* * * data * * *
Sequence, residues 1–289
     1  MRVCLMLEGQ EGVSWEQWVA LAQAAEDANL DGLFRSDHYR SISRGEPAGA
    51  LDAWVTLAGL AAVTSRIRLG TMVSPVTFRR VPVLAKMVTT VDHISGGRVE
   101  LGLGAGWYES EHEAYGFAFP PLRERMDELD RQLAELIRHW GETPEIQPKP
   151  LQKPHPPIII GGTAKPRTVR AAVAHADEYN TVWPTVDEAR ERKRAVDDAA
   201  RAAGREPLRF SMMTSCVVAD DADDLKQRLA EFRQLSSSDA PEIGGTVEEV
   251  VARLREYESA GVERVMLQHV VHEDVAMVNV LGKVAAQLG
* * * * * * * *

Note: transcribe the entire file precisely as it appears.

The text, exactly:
Sequence, residues 1–289
     1  MRVCLMLEGQ EGVSWEQWVA LAQAAEDANL DGLFRSDHYR SISRGEPAGA
    51  LDAWVTLAGL AAVTSRIRLG TMVSPVTFRR VPVLAKMVTT VDHISGGRVE
   101  LGLGAGWYES EHEAYGFAFP PLRERMDELD RQLAELIRHW GETPEIQPKP
   151  LQKPHPPIII GGTAKPRTVR AAVAHADEYN TVWPTVDEAR ERKRAVDDAA
   201  RAAGREPLRF SMMTSCVVAD DADDLKQRLA EFRQLSSSDA PEIGGTVEEV
   251  VARLREYESA GVERVMLQHV VHEDVAMVNV LGKVAAQLG